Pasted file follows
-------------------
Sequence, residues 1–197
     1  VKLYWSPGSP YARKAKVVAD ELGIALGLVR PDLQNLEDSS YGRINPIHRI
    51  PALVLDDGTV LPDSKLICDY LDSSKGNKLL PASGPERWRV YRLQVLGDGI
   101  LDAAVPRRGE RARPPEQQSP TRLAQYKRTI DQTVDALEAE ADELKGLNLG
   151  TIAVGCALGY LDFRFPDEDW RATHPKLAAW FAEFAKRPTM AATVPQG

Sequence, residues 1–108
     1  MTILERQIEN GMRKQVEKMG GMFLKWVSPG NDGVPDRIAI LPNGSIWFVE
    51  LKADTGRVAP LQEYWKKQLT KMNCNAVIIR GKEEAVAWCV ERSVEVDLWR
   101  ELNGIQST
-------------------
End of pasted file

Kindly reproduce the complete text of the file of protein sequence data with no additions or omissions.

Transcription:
Sequence, residues 1–197
     1  VKLYWSPGSP YARKAKVVAD ELGIALGLVR PDLQNLEDSS YGRINPIHRI
    51  PALVLDDGTV LPDSKLICDY LDSSKGNKLL PASGPERWRV YRLQVLGDGI
   101  LDAAVPRRGE RARPPEQQSP TRLAQYKRTI DQTVDALEAE ADELKGLNLG
   151  TIAVGCALGY LDFRFPDEDW RATHPKLAAW FAEFAKRPTM AATVPQG

Sequence, residues 1–108
     1  MTILERQIEN GMRKQVEKMG GMFLKWVSPG NDGVPDRIAI LPNGSIWFVE
    51  LKADTGRVAP LQEYWKKQLT KMNCNAVIIR GKEEAVAWCV ERSVEVDLWR
   101  ELNGIQST